2. Sub-acute accident or injury. This type of case can be a little more difficult because the patient cannot often recall a specific reason for the pain. It usually stems from a mild injury that went unnoticed by the patient sometime before the pain began.
3. Chronic pain from ongoing mechanical stress. An example of this type of problem might be a patient that has a desk job that involves hours of sitting each day. Even if they have ergonomic furniture, the prolonged sitting causes back pain.
4. Degenerative discs or joints. These conditions can affect a wide range of patients. This is usually the result of disc and joint deterioration as a result of an injury long ago. Or in some cases, a patient is simply more prone to early spinal degeneration as a result of genetics.
Degenerative joint conditions often develop silently for years and are not revealed until the patient realizes that their back pain is getting worse over time. Degenerative disc processes also include bulging or herniated discs that can result in pinched nerves.
5. Other disease processes such as arthritis. Although patients are often told that their condition is the result of “arthritis”, but in many cases patients with degenerative disc conditions are misdiagnosed as having arthritis.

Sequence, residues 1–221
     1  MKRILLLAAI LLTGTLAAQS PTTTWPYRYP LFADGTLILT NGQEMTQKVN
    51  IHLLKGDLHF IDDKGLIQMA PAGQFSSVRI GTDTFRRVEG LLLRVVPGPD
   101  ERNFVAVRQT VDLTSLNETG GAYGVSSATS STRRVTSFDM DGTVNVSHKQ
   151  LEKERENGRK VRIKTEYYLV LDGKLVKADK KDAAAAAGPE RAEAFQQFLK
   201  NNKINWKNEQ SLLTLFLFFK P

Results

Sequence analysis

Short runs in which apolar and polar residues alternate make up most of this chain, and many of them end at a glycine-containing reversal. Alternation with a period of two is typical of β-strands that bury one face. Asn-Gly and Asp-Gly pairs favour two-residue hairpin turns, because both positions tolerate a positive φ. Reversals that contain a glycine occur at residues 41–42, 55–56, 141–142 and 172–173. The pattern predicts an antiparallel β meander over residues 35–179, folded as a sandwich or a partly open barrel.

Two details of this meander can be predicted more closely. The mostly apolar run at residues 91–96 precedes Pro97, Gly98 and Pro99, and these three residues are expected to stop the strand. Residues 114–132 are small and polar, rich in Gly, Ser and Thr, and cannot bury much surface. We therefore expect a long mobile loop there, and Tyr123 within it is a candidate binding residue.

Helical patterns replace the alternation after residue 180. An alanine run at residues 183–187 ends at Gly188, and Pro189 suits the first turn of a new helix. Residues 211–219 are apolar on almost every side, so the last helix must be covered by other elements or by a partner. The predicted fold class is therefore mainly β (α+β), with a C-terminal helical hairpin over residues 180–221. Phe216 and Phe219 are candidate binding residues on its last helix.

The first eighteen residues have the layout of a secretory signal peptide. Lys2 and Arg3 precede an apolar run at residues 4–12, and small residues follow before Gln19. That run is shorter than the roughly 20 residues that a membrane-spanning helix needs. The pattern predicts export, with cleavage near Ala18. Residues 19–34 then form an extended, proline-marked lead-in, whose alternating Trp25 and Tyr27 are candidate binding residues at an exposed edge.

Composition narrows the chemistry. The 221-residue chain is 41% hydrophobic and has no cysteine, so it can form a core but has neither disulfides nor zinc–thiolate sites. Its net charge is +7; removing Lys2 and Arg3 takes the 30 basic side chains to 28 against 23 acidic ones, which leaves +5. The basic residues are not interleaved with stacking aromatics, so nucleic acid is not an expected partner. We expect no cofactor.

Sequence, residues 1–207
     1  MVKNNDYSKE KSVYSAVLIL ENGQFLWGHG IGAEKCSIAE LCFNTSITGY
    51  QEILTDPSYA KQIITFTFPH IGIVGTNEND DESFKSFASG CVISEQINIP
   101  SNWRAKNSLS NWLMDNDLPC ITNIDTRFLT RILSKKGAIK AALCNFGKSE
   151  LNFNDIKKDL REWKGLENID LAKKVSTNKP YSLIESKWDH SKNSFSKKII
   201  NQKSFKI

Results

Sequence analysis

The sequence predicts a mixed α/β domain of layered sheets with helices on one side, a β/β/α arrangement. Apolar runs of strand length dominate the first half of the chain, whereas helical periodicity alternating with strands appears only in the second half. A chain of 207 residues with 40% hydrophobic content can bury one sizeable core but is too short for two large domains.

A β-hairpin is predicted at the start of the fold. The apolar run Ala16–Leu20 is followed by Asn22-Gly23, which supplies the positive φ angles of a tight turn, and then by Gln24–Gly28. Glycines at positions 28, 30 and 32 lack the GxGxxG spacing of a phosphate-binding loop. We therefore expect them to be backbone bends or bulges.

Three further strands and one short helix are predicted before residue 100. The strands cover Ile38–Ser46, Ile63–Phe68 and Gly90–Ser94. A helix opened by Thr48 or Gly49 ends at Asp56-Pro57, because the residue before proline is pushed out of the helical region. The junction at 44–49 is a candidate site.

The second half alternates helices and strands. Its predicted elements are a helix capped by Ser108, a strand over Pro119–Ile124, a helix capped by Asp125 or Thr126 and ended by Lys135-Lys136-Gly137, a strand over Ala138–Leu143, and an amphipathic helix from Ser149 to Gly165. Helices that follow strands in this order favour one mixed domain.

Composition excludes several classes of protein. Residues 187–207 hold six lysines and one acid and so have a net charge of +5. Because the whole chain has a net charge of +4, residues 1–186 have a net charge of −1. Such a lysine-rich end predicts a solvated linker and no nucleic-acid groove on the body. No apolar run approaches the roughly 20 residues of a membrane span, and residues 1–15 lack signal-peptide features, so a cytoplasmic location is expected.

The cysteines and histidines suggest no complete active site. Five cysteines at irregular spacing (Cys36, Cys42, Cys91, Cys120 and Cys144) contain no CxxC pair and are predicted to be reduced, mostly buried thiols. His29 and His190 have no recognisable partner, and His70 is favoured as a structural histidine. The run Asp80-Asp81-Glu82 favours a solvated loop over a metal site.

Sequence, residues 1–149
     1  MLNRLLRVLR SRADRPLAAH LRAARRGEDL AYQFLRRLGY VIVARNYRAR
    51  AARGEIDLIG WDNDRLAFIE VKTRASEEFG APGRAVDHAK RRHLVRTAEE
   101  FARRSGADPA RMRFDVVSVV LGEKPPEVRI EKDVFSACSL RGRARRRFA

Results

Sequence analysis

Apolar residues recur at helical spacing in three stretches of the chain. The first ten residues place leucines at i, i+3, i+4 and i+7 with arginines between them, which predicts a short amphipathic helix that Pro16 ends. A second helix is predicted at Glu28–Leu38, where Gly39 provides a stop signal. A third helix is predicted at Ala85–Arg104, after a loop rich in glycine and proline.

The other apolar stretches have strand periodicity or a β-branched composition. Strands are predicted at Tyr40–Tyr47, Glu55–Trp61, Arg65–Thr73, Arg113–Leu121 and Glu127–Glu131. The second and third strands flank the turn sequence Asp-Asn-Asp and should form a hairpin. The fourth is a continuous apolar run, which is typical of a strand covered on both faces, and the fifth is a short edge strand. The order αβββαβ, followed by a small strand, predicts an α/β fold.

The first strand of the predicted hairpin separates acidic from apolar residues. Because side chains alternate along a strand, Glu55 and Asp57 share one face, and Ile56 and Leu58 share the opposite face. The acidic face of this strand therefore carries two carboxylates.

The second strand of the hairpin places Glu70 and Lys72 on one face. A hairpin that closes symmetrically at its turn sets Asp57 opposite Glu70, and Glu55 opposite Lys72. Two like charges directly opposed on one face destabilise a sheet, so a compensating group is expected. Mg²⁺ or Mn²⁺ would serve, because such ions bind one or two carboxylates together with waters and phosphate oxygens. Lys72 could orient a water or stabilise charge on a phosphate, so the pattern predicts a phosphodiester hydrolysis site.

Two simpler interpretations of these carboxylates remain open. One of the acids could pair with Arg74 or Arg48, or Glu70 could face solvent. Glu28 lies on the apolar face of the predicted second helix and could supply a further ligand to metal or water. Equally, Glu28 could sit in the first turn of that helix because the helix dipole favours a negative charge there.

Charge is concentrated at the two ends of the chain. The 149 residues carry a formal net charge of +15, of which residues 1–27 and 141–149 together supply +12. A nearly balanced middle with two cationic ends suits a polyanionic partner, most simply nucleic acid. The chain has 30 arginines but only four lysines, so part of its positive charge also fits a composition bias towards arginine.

Effective treatment for back pain is dependent on getting the diagnosis right.
If the pain is solely the result of a recent injury or tight muscles, rest and cold packs may be effective.
Many doctors will prescribe pain killers. However, for conditions that have been present for more than a few days, these drugs are likely to bring about temporary relief at best. When the pills wear off, the pain returns. That is because the underlying condition that is causing the pain is not being addressed.
If a patient fails to respond to the first round of drugs, another more powerful selection might be offered. Physical therapy may also be recommended. Physical therapists usually provide treatments such as ultrasound or electric stimulation. These therapies can be helpful for many patients. In addition the patients will often be taught how to do specific exercises at home. This is beneficial for many patients.